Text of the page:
An Introduction to the Essay on the Topic of Personal Career Aspirations
My life changed forever at a tender age of 11. I remember spending countless afternoons, evenings, and nights pacing the halls of the North Shore University Hospital in New York, periodically checking in on my mom. As I paced the halls, I would pray for my mom to pull through. However, this was not meant to be. On the morning of Aug 1, 1994, I awoke to my father picking me up in his arms, with tears streaming down his face, and cries of sadness coming from his heart. Early that morning, my mother died from a four-year battle with breast cancer. A family’s dream was shattered and I became somewhat different from other kids in my class. In a short time I started to think like a grown up. Now, at an early age, career goals became extremely important to me.
I vividly remember the day after the cremation of my mother. I was sitting alone in the basement, staring at my empty reflection in the TV. Countless memories of her passed before my eyes in just seconds. But most of all I thought about all the days my mother would talk about her vision of my future as a doctor, helping people like her and others who needed care. Since that day, my ambition for becoming a doctor, which was a natural choice since both of my parents spent their entire careers in the medical field, was strengthened by the goal to carry out my mother’s dreams for me.
During the last two years of high school, I looked for research opportunities in the field of biomedical science to bolster my pursuit of a future in the medical profession. In the summer of 1999, I accepted a volunteer research position at the Mount Sinai Medical Center in New York, one of the premiere hospitals in the world. I worked in the department of Nuclear Medicine/ Radiation Safety on a project to determine the effective rate of systemic elimination of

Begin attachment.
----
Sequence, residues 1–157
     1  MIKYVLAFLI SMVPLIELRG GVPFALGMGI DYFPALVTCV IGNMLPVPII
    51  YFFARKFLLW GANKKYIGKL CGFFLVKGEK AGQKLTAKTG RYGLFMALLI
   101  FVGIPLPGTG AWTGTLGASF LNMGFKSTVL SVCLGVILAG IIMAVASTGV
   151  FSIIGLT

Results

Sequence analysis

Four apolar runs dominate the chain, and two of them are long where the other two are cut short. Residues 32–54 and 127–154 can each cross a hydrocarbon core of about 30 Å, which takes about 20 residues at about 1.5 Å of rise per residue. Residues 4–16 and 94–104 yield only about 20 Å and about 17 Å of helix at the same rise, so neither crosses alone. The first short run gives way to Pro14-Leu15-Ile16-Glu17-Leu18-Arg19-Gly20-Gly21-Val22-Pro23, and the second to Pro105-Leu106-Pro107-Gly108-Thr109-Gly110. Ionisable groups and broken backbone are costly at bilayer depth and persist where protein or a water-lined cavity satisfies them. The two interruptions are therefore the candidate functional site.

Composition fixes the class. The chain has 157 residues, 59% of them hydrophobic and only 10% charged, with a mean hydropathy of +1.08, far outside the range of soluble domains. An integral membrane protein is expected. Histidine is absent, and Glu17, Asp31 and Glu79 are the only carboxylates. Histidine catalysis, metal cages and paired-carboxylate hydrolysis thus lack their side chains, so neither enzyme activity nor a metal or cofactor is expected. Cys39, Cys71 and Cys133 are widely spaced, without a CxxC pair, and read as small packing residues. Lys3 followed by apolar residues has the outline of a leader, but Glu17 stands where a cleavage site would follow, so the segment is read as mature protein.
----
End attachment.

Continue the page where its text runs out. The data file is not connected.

radioisotopes in patients undergoing treatment for thyroid carcinoma. Although I had no direct contact with the patients, I tried to put a face on each patient’s chart during handling. I would become very excited when I was working with a thin chart, an indication that the patient had very few tests done. On the other hand, thick charts, which signify a battery of test procedures and a long history of illness, generally depressed me. Overall, this was an extraordinary experience in the sense that I got a chance to see firsthand how a major department in a hospital functions.
Last summer, I fulfilled a personal goal of completing a substantial research project in the area of biomedical science and submitting it to a major national science competition. I was accepted as a “High School Summer Research Trainee” at the University of Connecticut Health Center at Farmington. I spent the entire summer of 2000 working on a research project in the field of molecular cardiology. My project involved studying the adaptation of the heart as an alternative to medication for preventing a certain type of heart disease. The findings of this research were submitted to the Intel Science Talent Search/Competition. This experience wet my appetite for the field of medicine and made my drive for becoming a doctor and helping people even stronger.
Although the untimely passing of my mother was an enormous tragedy, I was able to take out of it the motivation to carry out her dreams, in conjunction with mine, and bring my drive and ambition for becoming a doctor to new heights. I did not become, per say, a new person, but became an inspired, focused, and more driven individual.